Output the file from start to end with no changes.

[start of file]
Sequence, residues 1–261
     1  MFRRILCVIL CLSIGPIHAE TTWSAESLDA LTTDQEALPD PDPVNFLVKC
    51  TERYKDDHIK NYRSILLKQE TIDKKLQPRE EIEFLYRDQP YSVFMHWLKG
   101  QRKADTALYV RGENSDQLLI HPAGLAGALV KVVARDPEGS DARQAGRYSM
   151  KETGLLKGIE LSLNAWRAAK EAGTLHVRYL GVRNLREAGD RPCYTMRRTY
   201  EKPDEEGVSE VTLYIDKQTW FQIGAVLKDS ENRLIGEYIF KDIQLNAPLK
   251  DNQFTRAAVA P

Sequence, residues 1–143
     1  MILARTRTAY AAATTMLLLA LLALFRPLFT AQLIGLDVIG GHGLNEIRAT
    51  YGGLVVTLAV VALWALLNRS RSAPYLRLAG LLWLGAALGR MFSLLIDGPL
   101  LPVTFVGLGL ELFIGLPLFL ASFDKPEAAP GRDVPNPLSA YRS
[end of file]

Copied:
Sequence, residues 1–261
     1  MFRRILCVIL CLSIGPIHAE TTWSAESLDA LTTDQEALPD PDPVNFLVKC
    51  TERYKDDHIK NYRSILLKQE TIDKKLQPRE EIEFLYRDQP YSVFMHWLKG
   101  QRKADTALYV RGENSDQLLI HPAGLAGALV KVVARDPEGS DARQAGRYSM
   151  KETGLLKGIE LSLNAWRAAK EAGTLHVRYL GVRNLREAGD RPCYTMRRTY
   201  EKPDEEGVSE VTLYIDKQTW FQIGAVLKDS ENRLIGEYIF KDIQLNAPLK
   251  DNQFTRAAVA P

Sequence, residues 1–143
     1  MILARTRTAY AAATTMLLLA LLALFRPLFT AQLIGLDVIG GHGLNEIRAT
    51  YGGLVVTLAV VALWALLNRS RSAPYLRLAG LLWLGAALGR MFSLLIDGPL
   101  LPVTFVGLGL ELFIGLPLFL ASFDKPEAAP GRDVPNPLSA YRS